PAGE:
Although the investigation by Pleasanton police continues into last December's house fire on East Angela Street, the burned out house may finally be nearing a teardown.
Neighbors and others, including those using the St. Augustine Catholic Church main driveway directly across from the charred structure at 839 E.Angela St., have complained in recent weeks to city officials and the Pleasanton Weekly that the house has become a neighborhood eyesore.
Last week, crews from Betchner Construction ripped out some of the inside walls and pulled dumpster-loads of debris from the home that was once owned and was still being lived in at the time of the fire by Deonna Zuffa, 40, and her family. The work indicates that all physical evidence has been analyzed and removed. Police have classified the fire as arson.
Joanne Hall, spokeswoman for the city of Pleasanton, said the work crews have not yet obtained a city permit for demolition of the house, which is required by municipal law.
The fire at the Zuffa home began at 11 a.m. Dec. 8. Deonna Zuffa, who was the only person home, was witnessed by neighbors running out of the home, engulfed by flames. Neighbors said they heard a loud explosion that shook the ground, followed by the blaze that has left the single-story home a total loss. The Zuffa family's two dogs were not injured in the fire as they had been taken to a pet groomer, fire officials said.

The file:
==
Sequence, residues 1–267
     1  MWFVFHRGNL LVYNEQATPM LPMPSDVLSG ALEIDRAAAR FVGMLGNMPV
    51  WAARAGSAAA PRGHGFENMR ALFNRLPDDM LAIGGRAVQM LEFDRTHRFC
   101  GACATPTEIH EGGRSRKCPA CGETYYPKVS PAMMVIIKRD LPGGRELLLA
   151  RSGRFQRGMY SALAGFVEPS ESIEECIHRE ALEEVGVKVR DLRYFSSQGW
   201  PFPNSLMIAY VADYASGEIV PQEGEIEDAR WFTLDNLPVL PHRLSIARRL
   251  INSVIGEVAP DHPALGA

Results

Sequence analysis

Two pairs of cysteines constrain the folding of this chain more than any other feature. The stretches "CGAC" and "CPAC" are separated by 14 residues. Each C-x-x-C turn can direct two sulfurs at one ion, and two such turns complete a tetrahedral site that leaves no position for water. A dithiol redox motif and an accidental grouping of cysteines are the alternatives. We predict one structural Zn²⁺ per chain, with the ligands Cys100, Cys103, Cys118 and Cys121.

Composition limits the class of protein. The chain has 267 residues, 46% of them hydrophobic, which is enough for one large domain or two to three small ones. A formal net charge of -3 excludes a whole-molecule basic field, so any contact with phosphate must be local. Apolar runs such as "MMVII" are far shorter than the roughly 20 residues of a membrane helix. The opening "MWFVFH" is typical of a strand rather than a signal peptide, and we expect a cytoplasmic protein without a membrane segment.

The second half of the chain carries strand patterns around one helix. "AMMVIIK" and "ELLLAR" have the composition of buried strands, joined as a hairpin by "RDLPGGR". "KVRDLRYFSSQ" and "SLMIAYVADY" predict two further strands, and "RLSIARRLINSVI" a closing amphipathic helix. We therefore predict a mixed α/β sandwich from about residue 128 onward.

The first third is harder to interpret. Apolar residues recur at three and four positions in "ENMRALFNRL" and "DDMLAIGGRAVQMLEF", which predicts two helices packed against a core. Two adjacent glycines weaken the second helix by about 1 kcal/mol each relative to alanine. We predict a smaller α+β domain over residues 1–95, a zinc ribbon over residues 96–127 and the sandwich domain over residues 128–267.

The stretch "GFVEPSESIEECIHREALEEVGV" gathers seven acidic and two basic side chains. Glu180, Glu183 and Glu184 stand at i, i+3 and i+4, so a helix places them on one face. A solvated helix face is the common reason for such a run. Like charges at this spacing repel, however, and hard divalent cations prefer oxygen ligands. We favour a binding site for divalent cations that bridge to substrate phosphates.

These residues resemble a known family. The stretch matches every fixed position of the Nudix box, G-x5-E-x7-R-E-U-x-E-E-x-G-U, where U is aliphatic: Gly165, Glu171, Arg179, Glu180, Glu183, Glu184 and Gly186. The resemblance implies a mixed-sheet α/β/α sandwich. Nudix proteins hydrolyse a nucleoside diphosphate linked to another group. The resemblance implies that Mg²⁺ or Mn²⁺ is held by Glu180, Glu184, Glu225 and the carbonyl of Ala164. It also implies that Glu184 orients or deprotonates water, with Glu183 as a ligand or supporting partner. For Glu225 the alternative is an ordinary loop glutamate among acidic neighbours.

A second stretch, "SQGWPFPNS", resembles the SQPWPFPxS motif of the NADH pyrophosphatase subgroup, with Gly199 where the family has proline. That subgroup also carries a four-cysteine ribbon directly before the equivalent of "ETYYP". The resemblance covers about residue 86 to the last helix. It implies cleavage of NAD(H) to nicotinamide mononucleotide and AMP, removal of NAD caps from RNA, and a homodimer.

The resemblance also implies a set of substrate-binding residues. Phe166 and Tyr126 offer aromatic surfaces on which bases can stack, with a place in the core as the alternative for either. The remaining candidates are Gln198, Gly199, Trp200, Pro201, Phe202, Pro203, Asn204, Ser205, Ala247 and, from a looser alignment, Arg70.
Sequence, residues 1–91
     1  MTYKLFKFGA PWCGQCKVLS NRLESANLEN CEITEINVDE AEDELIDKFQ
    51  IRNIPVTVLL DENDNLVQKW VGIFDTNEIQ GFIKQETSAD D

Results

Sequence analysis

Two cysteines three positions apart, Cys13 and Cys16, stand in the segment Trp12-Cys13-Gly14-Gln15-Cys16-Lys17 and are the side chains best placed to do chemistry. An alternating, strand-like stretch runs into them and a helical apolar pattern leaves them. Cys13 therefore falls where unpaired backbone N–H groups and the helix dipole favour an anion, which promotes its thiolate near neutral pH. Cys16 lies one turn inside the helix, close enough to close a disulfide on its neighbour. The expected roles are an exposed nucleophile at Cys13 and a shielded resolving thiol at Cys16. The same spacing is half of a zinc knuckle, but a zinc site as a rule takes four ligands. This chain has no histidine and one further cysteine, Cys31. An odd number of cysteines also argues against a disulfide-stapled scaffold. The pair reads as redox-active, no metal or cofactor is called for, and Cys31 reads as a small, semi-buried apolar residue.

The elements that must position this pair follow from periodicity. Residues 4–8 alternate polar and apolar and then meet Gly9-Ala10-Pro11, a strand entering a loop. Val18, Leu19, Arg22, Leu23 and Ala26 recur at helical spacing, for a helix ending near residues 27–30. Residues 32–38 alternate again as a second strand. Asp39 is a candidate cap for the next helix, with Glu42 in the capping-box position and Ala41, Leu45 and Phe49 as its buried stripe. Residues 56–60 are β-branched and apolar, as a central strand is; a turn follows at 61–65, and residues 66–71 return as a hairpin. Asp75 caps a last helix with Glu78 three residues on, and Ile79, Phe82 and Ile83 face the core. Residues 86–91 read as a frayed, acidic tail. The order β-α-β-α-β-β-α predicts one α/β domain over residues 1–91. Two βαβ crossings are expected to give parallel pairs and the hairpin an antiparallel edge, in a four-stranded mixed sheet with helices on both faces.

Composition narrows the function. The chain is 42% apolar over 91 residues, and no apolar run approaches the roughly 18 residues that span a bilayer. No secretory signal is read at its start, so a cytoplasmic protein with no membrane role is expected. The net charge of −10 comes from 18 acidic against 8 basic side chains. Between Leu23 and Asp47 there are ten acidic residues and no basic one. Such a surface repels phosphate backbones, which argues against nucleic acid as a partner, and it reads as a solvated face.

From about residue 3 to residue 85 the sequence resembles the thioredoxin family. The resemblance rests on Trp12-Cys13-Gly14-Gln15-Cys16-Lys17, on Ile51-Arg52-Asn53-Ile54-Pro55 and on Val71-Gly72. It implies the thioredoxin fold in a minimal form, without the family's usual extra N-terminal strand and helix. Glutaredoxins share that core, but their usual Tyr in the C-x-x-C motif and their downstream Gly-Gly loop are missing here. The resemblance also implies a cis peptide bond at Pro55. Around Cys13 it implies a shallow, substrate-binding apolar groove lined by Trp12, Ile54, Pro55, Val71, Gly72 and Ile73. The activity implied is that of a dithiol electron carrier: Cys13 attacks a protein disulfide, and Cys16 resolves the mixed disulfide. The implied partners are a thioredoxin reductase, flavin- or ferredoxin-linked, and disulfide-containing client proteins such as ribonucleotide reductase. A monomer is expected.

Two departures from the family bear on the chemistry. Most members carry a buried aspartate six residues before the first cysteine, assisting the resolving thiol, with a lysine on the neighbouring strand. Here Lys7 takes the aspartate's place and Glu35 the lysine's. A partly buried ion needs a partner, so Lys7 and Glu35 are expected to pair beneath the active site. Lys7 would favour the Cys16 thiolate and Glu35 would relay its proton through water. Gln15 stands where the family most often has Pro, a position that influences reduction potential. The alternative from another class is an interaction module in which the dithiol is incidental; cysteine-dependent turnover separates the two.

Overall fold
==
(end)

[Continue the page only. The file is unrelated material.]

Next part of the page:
Sgt. Jim Knox of the Pleasanton Police Department has declined to say who police believe caused the arson. Police have acknowledged that the Zuffa family, which includes Deonna Zuffa's husband and their two children, owned muscle cars and go-karts and had gasoline containers stored in the garage, but declined to say whether the gasoline may have contributed to the explosion or fire.
Police have also declined to say where the fire started, a fast-burning blaze that also damaged two neighboring homes and displaced a second family. The investigation has been prolonged because police have not been able to speak with Deonna Zuffa, who was reportedly recovering from second- and third-degree burns at St. Francis Memorial Hospital, but has since been moved to another care facility. Police, her family and hospital spokespeople have declined to give an update on her condition.
Zuffa and her husband Keith filed for Chapter 13 bankruptcy in June 2008, according to public records. Records also show the home, at one time valued at nearly $1 million, was sold for $75,000 in a foreclosure sale on Sept. 30 to Marilyn and Richard Greenberg in the name of the Greenberg Trust.
Since the December fire, the Zuffa home has been surrounded by a tall fence. Other homes also burned by the fire have since been repaired and neighbors called the Zuffa property "a continuing eyesore" that needed to be removed.